New Zealand Trade Minister Tim Groser has attacked the Canadian milk production system, saying the industry belongs in the former Soviet Union and its market should be open to competition. A Canadian dairy industry analyst has come out to say he can not fathom New Zealand Trade Minister Tim Groser’s aggressive attack on the Canadian milk production system, in which the minister said the Canadian dairy industry belonged in the former Soviet Union and its market should be open to competition.
Bruce Muirhead, Associate Vice President of External Research at the University of Waterloo in Ontario, said Groser’s attack was misplaced and the New Zealand minister was “playing with fire”.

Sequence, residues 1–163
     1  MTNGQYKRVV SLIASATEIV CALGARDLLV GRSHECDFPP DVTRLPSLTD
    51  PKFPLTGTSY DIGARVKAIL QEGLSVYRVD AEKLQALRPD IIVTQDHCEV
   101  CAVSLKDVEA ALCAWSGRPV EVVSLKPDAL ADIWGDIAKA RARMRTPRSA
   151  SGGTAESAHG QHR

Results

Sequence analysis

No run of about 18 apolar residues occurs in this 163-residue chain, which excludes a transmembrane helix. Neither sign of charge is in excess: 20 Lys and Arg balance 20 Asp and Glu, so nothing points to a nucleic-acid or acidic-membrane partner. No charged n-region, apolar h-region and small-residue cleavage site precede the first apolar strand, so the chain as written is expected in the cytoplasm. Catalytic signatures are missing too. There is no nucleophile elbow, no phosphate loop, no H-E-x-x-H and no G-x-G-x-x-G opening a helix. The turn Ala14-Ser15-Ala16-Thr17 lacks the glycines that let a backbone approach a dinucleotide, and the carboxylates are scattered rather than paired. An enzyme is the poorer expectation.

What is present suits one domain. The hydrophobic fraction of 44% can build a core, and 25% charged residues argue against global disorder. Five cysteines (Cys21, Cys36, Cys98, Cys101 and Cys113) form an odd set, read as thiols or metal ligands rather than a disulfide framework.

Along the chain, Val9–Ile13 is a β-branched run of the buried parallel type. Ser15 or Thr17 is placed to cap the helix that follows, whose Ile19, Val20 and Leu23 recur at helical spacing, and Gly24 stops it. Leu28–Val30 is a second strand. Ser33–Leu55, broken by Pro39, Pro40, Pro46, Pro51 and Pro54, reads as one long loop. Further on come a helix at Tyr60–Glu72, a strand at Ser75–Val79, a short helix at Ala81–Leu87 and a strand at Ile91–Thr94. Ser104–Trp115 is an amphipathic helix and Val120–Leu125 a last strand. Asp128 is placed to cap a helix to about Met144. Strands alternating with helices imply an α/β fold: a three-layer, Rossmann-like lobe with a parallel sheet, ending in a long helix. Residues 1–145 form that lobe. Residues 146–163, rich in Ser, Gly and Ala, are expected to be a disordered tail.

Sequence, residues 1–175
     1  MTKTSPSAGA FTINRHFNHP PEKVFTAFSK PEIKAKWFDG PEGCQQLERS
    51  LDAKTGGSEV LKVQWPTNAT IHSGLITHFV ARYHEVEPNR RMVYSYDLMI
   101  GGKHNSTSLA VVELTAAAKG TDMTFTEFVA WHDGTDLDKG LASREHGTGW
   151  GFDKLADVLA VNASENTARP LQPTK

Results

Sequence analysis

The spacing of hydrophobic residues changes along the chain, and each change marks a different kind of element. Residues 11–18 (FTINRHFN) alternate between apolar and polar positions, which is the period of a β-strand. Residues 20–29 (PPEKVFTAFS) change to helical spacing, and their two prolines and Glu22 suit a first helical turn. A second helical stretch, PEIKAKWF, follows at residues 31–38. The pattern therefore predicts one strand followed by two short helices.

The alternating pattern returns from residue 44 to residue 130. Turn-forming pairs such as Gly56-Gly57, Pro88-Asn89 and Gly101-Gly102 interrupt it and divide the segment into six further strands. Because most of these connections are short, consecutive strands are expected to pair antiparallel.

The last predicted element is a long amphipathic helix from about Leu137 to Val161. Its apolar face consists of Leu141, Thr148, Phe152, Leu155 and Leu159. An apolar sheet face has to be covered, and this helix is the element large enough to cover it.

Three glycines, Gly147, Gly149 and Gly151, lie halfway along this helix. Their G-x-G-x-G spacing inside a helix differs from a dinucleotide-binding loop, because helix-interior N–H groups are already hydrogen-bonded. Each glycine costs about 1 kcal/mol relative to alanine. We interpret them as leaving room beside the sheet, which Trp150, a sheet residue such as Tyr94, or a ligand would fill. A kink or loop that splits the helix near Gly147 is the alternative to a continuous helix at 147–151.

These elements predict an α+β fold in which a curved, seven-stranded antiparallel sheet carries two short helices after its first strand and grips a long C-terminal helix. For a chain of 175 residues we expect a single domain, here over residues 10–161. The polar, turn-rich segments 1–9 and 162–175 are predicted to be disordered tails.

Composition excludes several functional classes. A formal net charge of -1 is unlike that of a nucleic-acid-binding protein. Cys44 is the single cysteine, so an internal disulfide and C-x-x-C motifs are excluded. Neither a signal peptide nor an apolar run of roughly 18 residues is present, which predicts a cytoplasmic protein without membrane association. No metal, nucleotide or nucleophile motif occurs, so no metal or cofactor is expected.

Groser’s far closer to right about this than Muirhead.
US milk producers want the Canadian dairy market opened too, but for the moment they are setting their sights on Fonterra in New Zealand.
They have gone on record as saying that if Fonterra isn’t fundamentally changed, it represents an unfair advantage for New Zealand and they are going to oppose NZ inclusion, at least Fonterra’s inclusion in the TPP (Trans Pacific Partnership) final agreement.
I’d reckoned the play here would come post-TPP: after we’d signed up, the Americans would launch antitrust action against farmer-cooperative Fonterra to block NZ milk imports. That could change where Obama’s trying to cobble together a coalition to get fast-track authority though.